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tions still to be performed . In this case, n-i is the exact number of iterations,
but in other loops it may not be. The bound function is useful in determining
worst-case execution time, since it tells us the maximum number of iterations the
loop will make.
Properties of a bound function
In order to be an upper bound on the number of iterations, the bound func-
tion must satisfy two properties:
1. Each iteration must decrease the bound function.
In our example program, execution of the assignment to i reduces the value
of expression n-i by 1 .
In determining the second property, consider this. It is not enough to see that
the bound function decreases at each iteration. We must also know that at some
point the loop condition becomes false. We do this by requiring that as long as
there is another iteration to perform, the bound function is greater than 0 . We
know there is another iteration to perform if (1) the invariant is true and (2) the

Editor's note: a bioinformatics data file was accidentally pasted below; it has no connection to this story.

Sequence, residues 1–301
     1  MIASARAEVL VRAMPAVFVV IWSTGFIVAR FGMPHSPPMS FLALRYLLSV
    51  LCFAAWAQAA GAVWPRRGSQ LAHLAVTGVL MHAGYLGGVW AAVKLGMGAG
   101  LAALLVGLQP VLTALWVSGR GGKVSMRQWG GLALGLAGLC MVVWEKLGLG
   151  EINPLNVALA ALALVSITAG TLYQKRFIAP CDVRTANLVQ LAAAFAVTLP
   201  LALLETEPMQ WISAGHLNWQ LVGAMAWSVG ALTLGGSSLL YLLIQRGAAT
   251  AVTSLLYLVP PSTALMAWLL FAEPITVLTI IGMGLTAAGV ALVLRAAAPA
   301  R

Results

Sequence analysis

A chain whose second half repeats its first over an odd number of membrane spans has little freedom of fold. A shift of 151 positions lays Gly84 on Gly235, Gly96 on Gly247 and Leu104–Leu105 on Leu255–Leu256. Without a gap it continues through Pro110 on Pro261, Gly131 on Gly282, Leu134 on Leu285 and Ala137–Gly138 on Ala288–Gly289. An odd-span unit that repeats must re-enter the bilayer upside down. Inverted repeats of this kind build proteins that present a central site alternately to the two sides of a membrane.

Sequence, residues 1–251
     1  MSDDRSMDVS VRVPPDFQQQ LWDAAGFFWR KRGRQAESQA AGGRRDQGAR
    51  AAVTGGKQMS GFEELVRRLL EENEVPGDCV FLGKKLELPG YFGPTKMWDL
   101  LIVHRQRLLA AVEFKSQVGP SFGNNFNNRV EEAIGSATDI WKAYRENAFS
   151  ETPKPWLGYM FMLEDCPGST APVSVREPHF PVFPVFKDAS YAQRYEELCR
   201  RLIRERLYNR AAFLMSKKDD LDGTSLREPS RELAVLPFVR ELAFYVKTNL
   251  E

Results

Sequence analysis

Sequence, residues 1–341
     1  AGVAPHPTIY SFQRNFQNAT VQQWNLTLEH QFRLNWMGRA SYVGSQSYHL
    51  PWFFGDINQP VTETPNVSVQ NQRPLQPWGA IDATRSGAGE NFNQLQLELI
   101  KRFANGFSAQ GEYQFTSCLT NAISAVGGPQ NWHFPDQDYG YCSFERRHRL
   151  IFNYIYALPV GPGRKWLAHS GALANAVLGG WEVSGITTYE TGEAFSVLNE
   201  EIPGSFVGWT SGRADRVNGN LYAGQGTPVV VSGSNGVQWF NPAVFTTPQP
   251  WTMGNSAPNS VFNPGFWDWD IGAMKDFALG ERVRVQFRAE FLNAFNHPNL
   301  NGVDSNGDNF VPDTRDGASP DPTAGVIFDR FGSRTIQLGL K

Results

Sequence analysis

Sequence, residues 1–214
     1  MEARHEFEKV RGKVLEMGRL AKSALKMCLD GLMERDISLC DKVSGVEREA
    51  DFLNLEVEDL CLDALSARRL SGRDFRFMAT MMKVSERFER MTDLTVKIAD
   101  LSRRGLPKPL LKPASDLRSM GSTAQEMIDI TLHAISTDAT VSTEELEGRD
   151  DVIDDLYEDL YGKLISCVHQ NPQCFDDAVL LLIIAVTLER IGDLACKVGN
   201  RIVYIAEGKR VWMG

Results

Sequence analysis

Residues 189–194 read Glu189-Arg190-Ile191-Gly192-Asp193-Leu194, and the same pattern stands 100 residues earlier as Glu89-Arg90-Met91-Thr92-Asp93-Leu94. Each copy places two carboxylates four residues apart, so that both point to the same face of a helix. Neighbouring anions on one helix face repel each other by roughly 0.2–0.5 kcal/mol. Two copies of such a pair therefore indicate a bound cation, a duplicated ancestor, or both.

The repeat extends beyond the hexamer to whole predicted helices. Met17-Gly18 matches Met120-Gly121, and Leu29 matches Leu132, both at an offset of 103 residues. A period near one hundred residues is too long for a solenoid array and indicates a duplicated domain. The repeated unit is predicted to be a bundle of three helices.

loop condition is true.
Thus, the second property that a bound function must satisfy is this:
2. The invariant, together with loop condition, must imply that the
bound function is greater than 0 .
In our example, from the invariant and the loop condition, we conclude that
i<n , and from this we conclude n-i>0 , as required.
Miscellaneous points about loops
There are no nested loops
We write a program to count the number of primes in 2..99 . Recall that a prime
is an integer that is greater than 1 and is divisible by only 1 and itself.
We can use the natural-number for-loop schema for this purpose and write
the program, with part of it abstract, fairly quickly. The only part that is abstract
and needs to be refined is the question of whether i is a prime.
// Set x to the number of primes in 2..99
int x= 0;
// { invariant: x = the number of primes in 2..i-1 }
for ( int i= 2; i != 100; i= i + 1) {
if (i is prime ) { x= x + 1; }
Changing the task slightly to fit previously written code
In Sec. 7.4.3, we wrote code to test whether an integer is prime. To prepare
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